This article was published in Australian Dictionary of Biography, Volume 6, (MUP), 1976
James Francis Turner (1829-1893), Anglican bishop, was born at Yarmouth, Norfolk, England, son of Sir George James Turner, a lord justice of appeal in Chancery, and his wife Louisa, née Jones. Educated at Charterhouse in 1838-44, he was apprenticed for four years in an architect's office in London. In 1848 he matriculated at University College, Durham (B.A., 1851; M.A., 1854; D.D., 1868). Made deacon in 1851 and ordained priest in 1853 by Bishop Maltby, Turner was chaplain and censor at Bishop Cosin's Hall in the university in 1852-54. Honorary secretary of the Architectural and Archaeological Society of Durham and Northumberland, he designed the chapel of Bishop Hatfield's Hall. He became curate of Walton, Somerset, in 1857 and was rector of North Tidworth, Wiltshire, from 1858; he was appointed rural dean of Amesbury in 1868.
Turner was nominated to the new see of Grafton and Armidale, New South Wales, and was consecrated in Westminster Abbey on 24 February 1869. With his wife Mary, née Sorsbie, he arrived in Sydney on 13 August in the Commissary and was installed at Armidale on 10 September. His see, equal in area to England and Wales, had a nominal Anglican population of about 25,000 and ten clergymen, mostly itinerant. In forming new parishes and providing new clergy, he found himself hampered by lack of financial aid from any of the British missionary societies. Letters in the Sydney Morning Herald accused him of ritualism before and after his arrival, and he suffered pain when the Irby family of Tenterfield took up the cry and stirred up animosity. He convened the first diocesan synod in May 1873 and in 1881 divided his diocese into two archdeaconries. The decision enabled the Grafton section to deal with some of its own affairs, but the duality expressed in the title of his diocese constituted a major problem throughout his episcopate.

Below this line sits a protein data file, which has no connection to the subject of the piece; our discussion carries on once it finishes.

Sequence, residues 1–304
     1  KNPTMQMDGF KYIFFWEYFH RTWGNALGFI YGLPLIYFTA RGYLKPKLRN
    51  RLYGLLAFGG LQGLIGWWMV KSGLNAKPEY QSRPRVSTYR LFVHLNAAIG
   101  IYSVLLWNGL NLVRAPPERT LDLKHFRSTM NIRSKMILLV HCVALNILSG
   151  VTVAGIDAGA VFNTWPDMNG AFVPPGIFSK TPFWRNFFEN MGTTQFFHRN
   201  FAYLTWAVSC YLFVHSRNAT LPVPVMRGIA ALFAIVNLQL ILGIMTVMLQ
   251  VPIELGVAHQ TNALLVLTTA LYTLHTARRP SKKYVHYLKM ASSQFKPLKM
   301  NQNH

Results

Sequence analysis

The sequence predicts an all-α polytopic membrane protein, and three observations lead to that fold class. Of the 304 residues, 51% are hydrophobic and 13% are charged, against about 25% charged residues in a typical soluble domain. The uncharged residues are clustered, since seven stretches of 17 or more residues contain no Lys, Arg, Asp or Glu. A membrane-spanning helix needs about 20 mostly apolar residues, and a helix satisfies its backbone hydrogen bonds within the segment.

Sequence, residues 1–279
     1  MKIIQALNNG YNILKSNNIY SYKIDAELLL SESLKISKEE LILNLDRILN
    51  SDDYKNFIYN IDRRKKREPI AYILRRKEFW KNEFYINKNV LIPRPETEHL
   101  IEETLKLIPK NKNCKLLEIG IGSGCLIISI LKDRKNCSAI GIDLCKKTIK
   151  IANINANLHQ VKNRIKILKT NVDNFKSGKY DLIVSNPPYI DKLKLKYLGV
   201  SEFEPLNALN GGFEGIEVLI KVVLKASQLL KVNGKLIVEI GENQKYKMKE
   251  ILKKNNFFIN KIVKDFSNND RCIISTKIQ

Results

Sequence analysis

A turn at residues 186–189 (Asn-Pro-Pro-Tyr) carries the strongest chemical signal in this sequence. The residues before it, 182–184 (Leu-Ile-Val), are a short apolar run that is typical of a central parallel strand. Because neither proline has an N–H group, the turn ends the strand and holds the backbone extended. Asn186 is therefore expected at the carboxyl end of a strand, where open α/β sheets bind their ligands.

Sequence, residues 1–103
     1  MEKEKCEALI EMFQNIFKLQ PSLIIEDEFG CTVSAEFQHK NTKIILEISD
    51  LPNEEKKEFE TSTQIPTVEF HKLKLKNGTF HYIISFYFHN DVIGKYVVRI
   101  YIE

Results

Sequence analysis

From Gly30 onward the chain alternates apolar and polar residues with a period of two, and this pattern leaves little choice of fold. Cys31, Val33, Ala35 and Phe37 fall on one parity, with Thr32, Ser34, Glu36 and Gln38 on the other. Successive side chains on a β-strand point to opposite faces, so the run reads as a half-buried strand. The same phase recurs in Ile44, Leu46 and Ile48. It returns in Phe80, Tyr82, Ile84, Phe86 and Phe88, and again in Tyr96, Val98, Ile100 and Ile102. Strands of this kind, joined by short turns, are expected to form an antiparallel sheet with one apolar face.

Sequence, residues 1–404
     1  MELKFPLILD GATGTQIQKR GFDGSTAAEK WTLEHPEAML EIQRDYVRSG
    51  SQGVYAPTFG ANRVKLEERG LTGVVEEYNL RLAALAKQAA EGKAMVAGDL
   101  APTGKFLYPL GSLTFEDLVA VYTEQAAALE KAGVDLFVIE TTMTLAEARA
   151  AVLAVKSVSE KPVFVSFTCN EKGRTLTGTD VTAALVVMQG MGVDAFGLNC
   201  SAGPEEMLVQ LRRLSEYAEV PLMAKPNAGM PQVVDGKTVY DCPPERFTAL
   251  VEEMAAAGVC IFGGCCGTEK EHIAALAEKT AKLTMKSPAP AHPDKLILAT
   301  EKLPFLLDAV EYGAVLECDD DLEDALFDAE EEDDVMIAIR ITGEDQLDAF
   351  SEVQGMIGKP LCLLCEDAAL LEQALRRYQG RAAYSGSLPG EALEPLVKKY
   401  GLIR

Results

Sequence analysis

Because of failing health Turner was unable to make extensive visitations in the 1880s, but diocesan growth continued. By 1892 the original ten clergy and parishes had increased to twenty-eight and the number of churches from twenty-one to fifty-eight. St Peter's Cathedral, Armidale (1875) and Christ Church Cathedral, Grafton (1884) owe much to Turner's continuing interest in architecture, his opposition to pretentiousness and regard for 'fitness and goodness' in church building.
Clearly High Church in outlook, Turner insisted on the Catholic rather than the Protestant character of the Church of England, but he was consistent in advocating less party spirit within the Church. Pessimistic on the question of Christian unity, he strongly defended the Church's role and attitude to marriage and outspokenly criticized Sir Alfred Stephen's divorce extension bill of 1887. While he supported the temperance cause he advocated moderation rather than total abstinence. He reaffirmed the traditional standpoint of the Church on education, but in practice was forced to acquiesce in the closure of denominational schools except on a proprietary basis; he urged his clergy to take full advantage of religious instruction in public schools. His Letter to the Members of … the diocese of Grafton and Armidale (1883) was commended by the Church Quarterly Review. He was a vice-president of the English Church Union.
Turner resigned his see in 1892; on his way to England he died, aged 64, in Rome, on 27 April 1893 and was buried there in the English cemetery. Predeceased by his wife in 1879, he left his estate, valued for probate at £1766, to their adopted child Emily Harriett, daughter of Robert Issel Perrott of Haroldston near Armidale. His portrait is in St Peter's Cathedral, Armidale.
Keith H. Aubrey, 'Turner, James Francis (1829–1893)', Australian Dictionary of Biography, National Centre of Biography, Australian National University, http://adb.anu.edu.au/biography/turner-james-francis-4761/text7911, published first in hardcopy 1976, accessed online 3 December 2016.
This article was first published in hardcopy in Australian Dictionary of Biography, Volume 6, (MUP), 1976